The Necessary Pivot in Society

In business slang, it is increasingly common to study, implement and be inspired by two
Japanese organizational models. The Kaizen model, which comes from the Japanese
words "Kai" and "Zen", referring to the action of changing and continuous
improvement. And the Lean model that focuses on minimizing system losses while
maximizing value creation for the customer.


Focusing on Japan, on production or/and organizational models, should be especially
relevant when it comes to Ageing, as Japan also has a high rate of elderly people.
The convergence of the concepts described above, should immediately lead us to the
need of urgently raising “pivots” in our models of care for the elderly, especially living
on a daily basis the effect that the COVID-19 pandemic is having on the social sector.
And this change must occur immediately, accompanied by substantial changes in
organizational models and putting technology at the service of the eldest person, in a
real and effective way.


The central model to look should be "The Person-Centered Care Model", a model
supported by health professionals who believe that the situation we are experiencing in
geriatric institutions must force a fundamental “pivot” mindset, which should be
groundbreaking and innovative, since the current model, was already questioned long
before COVID, in the face of a significant increasing in the ageing population.
The lacks identified at the moment we live should make us wonder: how could we better
serve our society, specially the seniors?


It is common to find studies and surveys of older people that reflect where and how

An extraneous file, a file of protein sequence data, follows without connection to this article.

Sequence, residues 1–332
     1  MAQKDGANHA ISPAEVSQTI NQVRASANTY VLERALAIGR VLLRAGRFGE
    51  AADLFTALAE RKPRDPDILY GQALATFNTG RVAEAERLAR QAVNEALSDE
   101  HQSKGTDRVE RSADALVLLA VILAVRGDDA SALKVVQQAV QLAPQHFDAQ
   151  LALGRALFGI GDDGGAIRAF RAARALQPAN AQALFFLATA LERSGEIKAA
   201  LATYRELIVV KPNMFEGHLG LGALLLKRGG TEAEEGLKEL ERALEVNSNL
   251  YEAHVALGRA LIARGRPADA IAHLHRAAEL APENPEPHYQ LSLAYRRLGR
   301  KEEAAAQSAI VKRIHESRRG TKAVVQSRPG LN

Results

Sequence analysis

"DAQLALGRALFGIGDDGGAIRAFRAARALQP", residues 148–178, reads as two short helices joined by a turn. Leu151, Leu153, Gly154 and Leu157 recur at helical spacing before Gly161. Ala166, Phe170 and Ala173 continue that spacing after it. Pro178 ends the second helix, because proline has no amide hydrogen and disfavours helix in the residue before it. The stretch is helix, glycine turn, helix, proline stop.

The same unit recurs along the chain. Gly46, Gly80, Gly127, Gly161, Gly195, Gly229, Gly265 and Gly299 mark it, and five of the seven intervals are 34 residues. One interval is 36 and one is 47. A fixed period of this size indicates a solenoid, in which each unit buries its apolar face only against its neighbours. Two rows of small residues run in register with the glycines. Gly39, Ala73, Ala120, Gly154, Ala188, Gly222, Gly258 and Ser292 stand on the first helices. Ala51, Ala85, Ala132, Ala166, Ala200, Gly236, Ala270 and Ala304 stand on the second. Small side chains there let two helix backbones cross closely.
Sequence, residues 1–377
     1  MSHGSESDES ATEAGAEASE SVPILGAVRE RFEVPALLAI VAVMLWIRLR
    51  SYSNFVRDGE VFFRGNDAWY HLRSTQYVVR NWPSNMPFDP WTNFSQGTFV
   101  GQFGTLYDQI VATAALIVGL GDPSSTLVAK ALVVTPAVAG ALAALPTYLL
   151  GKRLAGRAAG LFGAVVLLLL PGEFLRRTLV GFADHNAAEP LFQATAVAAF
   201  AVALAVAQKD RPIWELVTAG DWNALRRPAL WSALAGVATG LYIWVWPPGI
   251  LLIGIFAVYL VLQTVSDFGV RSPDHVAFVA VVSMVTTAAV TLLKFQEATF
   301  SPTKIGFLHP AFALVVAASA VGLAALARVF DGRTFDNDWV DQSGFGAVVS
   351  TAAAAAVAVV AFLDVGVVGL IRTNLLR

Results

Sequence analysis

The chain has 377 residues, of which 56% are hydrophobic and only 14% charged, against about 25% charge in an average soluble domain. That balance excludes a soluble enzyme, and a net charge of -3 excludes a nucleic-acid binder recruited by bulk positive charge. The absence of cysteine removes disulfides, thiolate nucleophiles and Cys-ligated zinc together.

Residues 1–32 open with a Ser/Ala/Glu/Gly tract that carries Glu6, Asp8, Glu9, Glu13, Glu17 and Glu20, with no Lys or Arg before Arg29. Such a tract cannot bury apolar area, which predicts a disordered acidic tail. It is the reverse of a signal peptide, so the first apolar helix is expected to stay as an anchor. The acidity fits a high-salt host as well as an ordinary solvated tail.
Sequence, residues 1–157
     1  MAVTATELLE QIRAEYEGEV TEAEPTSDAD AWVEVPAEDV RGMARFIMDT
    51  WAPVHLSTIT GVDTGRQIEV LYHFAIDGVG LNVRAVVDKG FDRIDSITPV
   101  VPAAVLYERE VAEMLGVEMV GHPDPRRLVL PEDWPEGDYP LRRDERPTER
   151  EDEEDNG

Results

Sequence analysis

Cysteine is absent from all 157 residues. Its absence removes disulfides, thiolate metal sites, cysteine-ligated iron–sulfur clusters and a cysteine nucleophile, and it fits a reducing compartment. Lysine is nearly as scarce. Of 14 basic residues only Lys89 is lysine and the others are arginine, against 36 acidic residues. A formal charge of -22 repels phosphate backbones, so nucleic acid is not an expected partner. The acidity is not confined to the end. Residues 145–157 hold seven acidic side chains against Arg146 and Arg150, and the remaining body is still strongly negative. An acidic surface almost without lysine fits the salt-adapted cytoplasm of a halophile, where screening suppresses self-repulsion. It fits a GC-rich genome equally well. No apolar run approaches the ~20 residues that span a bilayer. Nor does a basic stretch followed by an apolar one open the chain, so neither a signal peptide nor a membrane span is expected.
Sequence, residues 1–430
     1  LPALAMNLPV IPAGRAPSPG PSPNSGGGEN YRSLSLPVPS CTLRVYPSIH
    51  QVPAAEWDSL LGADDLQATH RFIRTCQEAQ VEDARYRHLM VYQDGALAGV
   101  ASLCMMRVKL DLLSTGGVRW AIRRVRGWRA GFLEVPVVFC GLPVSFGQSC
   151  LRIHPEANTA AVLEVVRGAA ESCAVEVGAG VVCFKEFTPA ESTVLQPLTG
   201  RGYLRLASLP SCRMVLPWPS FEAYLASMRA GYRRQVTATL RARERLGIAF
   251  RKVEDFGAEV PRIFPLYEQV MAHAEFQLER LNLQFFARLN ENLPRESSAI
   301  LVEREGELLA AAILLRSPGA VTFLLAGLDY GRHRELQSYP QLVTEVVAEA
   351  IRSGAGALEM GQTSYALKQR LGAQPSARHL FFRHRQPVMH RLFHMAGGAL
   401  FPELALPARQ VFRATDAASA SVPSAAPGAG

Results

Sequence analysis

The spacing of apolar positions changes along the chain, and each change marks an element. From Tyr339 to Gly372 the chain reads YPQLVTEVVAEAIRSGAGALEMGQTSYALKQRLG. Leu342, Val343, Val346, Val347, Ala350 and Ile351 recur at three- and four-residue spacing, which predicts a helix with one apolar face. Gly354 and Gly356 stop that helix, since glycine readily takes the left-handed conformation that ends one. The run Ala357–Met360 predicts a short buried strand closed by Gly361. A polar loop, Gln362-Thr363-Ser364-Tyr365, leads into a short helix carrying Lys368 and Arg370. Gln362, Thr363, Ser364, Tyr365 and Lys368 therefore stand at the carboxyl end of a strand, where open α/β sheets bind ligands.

they want to grow old. However, this contact with reality, which some organizations
make periodically such as the Spanish Society of Geriatrics and Gerontology (SEGG)
seem not to have a real application in the field. For example, interviewing elderlies that
live in residences, only 4% actually want to live there.


If in the world of Startups, the business plan is continually suffering “pivots” (rapid
changes and adaptations) lead by the periodic contact with its users, why, knowing what
is the desire of the elderly, we do not provide and generate the solutions that they wish?
Meaning, if their biggest hope is to grow old in their homes, then why are we not looking
in ways to facilitating their staying at home for as long as possible?


This approach, alternative to the institutionalization of the person, must be
accompanied by a paradigm shift to two main points: one is to repopulate
the territory whose population has migrated to the large demographic centers;
second is to use technology to make the life of the eldest person easier, towards an
active and healthy ageing, providing adequate attention when it comes to dependence
situations. In this way we can create more and better professional profiles as a
complement to the auxiliary work; as physiotherapists, occupational therapists and
psychologists, especially in the rural area, so devoid of opportunities. This would allow others
to design life projects aimed at preventing loss of physical activity, improving basic
functions and overcoming the psychological pain caused by loneliness, fear, anxiety or
depression.


Finally, we must embrace the multiple solutions offered by technology, such as
advanced tele-assistance, video-conferencing systems, tele-monitoring of pathologies or
telematic control of vital signs. These tools, effectively implemented throughout the
social-health care area, especially in the field of home care services, must be extended
decisively, immediately and without complications to all the ranges of the older
population.


Therefore, a pivot consists of a change of course and this social pivot is more of an
urgent matter than an important debate to have in the future.


Ángel Barrera Nieto 

Ambassado Seville & Mérida (Spain)